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HUMAN-cow embryos have been created in a world first at Newcastle University in England, hailed by the scientific community, but labelled "monstrous" by opponents.
A team has grown hybrid embryos after injecting human DNA into eggs taken from cows' ovaries, which had most of their genetic material removed.
The embryos survived for three days and are intended to provide a limitless supply of stem cells to develop therapies for diseases such as Alzheimer's, Parkinson's and spinal cord injuries, overcoming a worldwide shortfall in human embryos.
Dr Teija Peura, director of human embryonic stem cell laboratories at the Australian Stem Cell Centre, said somatic cell nuclear transfer (SCNT) had been done between animal species, but the "99 per cent human" embryos could boost research.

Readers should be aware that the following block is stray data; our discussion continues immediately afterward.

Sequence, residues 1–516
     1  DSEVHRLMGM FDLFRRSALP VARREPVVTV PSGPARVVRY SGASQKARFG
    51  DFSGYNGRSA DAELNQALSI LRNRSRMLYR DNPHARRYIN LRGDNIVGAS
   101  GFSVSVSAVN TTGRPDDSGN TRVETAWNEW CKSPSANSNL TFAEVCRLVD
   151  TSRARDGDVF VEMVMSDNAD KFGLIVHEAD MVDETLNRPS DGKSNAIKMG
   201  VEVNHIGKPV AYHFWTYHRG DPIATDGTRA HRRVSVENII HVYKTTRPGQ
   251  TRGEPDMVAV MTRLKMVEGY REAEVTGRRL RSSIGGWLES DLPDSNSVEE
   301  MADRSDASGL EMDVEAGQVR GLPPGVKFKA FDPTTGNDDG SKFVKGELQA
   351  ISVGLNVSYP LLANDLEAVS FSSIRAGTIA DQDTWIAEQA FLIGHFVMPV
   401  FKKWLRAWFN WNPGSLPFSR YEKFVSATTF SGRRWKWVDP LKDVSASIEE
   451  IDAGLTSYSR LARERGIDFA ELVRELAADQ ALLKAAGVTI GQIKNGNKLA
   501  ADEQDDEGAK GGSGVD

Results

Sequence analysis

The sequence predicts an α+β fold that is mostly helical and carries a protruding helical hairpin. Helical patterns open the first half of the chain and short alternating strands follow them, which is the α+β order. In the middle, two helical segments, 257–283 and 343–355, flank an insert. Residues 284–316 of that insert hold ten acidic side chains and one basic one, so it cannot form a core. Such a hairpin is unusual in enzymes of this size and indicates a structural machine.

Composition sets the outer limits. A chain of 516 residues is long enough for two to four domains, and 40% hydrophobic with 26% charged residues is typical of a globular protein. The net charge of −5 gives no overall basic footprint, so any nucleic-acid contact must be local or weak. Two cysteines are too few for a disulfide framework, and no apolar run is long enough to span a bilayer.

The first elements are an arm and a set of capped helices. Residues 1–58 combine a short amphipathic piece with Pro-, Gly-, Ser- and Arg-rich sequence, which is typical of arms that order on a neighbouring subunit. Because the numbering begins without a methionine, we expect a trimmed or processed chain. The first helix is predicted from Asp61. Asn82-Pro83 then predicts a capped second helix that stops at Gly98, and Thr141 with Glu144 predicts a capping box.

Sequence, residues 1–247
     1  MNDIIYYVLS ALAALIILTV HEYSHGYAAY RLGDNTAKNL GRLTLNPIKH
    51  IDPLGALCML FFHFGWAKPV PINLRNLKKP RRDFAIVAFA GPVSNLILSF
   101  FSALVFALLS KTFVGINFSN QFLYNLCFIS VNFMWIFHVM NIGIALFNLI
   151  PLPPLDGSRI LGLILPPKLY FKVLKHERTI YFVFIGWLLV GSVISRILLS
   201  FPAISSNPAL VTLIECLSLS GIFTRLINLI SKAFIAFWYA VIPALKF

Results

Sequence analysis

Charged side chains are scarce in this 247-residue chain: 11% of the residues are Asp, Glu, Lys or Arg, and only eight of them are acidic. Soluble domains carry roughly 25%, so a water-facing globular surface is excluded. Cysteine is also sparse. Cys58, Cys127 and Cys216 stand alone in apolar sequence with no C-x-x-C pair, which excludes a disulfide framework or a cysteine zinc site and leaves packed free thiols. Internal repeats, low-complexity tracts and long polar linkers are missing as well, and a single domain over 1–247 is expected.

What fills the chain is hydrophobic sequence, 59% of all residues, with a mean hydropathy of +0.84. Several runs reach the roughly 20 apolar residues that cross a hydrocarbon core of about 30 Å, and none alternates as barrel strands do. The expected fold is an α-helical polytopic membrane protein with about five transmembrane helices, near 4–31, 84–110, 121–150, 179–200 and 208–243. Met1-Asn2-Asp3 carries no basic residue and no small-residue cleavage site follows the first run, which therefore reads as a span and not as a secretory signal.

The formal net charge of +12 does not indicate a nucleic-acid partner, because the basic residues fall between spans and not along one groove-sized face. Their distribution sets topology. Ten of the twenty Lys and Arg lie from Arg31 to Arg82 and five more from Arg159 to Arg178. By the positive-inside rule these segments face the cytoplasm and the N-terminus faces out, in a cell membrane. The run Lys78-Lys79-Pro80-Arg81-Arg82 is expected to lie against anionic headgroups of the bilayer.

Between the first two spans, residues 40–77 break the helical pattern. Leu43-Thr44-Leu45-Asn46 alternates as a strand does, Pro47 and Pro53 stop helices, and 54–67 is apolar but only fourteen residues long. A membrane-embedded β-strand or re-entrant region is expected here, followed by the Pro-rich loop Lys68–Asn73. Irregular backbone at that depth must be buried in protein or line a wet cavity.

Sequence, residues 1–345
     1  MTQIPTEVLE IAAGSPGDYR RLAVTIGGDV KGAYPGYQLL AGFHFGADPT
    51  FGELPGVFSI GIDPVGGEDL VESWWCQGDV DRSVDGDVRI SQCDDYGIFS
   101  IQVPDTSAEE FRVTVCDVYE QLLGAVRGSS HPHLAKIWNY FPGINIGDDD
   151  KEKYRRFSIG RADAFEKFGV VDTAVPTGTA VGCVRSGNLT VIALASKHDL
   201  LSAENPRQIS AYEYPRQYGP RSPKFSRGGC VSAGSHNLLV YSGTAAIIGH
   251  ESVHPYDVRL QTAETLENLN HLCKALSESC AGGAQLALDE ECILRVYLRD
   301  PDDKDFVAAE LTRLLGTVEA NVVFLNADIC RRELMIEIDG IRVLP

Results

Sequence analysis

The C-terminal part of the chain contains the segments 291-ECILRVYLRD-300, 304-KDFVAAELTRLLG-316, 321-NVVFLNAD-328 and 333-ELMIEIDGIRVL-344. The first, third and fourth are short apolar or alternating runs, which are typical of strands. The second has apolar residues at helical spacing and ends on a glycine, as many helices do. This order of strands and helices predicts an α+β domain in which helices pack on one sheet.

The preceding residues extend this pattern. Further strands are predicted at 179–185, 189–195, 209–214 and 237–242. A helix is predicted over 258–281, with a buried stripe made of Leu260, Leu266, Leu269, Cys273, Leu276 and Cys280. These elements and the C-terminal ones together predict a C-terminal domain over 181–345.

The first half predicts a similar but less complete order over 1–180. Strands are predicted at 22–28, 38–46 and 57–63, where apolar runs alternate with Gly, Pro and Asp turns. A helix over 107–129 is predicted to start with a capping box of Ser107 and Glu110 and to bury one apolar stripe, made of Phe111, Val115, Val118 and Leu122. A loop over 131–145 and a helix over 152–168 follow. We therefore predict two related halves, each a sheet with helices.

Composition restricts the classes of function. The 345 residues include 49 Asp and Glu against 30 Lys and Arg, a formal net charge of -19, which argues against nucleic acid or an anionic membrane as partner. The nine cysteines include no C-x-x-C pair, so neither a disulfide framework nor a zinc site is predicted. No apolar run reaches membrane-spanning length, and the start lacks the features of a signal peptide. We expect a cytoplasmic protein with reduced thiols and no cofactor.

Mayo researchers observe genetic fusion of human, animal cells -may help explain origin of AIDS
Mayo Clinic genomics researchers are the first to demonstrate that mixing of genetic material can occur naturally, in a living body. The researchers have discovered conditions in which pig cells and human cells can fuse together in the body to yield hybrid cells that contain genetic material from both species and carry a swine virus similar to HIV (the virus that causes AIDS) that can infect normal human cells.
Viruses Found Transmitting Genes Among Bacteria
Like tiny mail-carriers, viruses are able to carry packages of genes around the world, delivering the keys of evolution to other organisms.
This finding comes from a new study of the viruses and bacteria found in nine distinct locations on Earth (such as mines, ponds, oceans, reefs and even human bodies) and sheds light on the complex power swaps among viruses called phages and their bacterial hosts.